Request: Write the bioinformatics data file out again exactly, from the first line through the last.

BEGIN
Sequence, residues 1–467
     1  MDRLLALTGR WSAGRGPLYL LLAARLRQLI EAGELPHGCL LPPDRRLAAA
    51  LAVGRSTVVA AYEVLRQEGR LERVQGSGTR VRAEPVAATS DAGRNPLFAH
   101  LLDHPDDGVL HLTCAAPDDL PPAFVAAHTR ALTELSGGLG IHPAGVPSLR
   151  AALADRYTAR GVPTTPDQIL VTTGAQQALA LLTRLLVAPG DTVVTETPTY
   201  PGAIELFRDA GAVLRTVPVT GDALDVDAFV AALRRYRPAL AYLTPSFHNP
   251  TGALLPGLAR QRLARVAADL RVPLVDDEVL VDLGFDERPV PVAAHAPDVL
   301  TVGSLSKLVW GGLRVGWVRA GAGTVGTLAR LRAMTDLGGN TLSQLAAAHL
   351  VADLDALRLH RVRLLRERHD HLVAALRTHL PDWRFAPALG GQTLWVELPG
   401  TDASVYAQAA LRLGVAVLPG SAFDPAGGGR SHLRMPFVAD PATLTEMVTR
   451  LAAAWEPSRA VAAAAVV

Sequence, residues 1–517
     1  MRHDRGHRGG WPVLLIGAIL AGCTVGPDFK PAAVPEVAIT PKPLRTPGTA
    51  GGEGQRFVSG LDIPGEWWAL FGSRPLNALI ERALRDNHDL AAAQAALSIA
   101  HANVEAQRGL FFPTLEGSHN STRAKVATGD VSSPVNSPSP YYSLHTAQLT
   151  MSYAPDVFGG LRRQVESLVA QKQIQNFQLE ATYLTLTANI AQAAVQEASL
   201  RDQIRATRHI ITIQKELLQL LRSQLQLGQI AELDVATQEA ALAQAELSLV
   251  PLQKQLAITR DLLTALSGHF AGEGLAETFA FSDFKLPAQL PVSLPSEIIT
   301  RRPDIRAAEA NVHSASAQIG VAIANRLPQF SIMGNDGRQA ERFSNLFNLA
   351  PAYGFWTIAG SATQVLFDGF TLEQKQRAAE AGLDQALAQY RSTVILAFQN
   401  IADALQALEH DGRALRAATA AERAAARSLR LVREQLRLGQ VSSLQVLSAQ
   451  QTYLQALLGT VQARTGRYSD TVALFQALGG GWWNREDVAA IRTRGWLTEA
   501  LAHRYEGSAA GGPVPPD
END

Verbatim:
Sequence, residues 1–467
     1  MDRLLALTGR WSAGRGPLYL LLAARLRQLI EAGELPHGCL LPPDRRLAAA
    51  LAVGRSTVVA AYEVLRQEGR LERVQGSGTR VRAEPVAATS DAGRNPLFAH
   101  LLDHPDDGVL HLTCAAPDDL PPAFVAAHTR ALTELSGGLG IHPAGVPSLR
   151  AALADRYTAR GVPTTPDQIL VTTGAQQALA LLTRLLVAPG DTVVTETPTY
   201  PGAIELFRDA GAVLRTVPVT GDALDVDAFV AALRRYRPAL AYLTPSFHNP
   251  TGALLPGLAR QRLARVAADL RVPLVDDEVL VDLGFDERPV PVAAHAPDVL
   301  TVGSLSKLVW GGLRVGWVRA GAGTVGTLAR LRAMTDLGGN TLSQLAAAHL
   351  VADLDALRLH RVRLLRERHD HLVAALRTHL PDWRFAPALG GQTLWVELPG
   401  TDASVYAQAA LRLGVAVLPG SAFDPAGGGR SHLRMPFVAD PATLTEMVTR
   451  LAAAWEPSRA VAAAAVV

Sequence, residues 1–517
     1  MRHDRGHRGG WPVLLIGAIL AGCTVGPDFK PAAVPEVAIT PKPLRTPGTA
    51  GGEGQRFVSG LDIPGEWWAL FGSRPLNALI ERALRDNHDL AAAQAALSIA
   101  HANVEAQRGL FFPTLEGSHN STRAKVATGD VSSPVNSPSP YYSLHTAQLT
   151  MSYAPDVFGG LRRQVESLVA QKQIQNFQLE ATYLTLTANI AQAAVQEASL
   201  RDQIRATRHI ITIQKELLQL LRSQLQLGQI AELDVATQEA ALAQAELSLV
   251  PLQKQLAITR DLLTALSGHF AGEGLAETFA FSDFKLPAQL PVSLPSEIIT
   301  RRPDIRAAEA NVHSASAQIG VAIANRLPQF SIMGNDGRQA ERFSNLFNLA
   351  PAYGFWTIAG SATQVLFDGF TLEQKQRAAE AGLDQALAQY RSTVILAFQN
   401  IADALQALEH DGRALRAATA AERAAARSLR LVREQLRLGQ VSSLQVLSAQ
   451  QTYLQALLGT VQARTGRYSD TVALFQALGG GWWNREDVAA IRTRGWLTEA
   501  LAHRYEGSAA GGPVPPD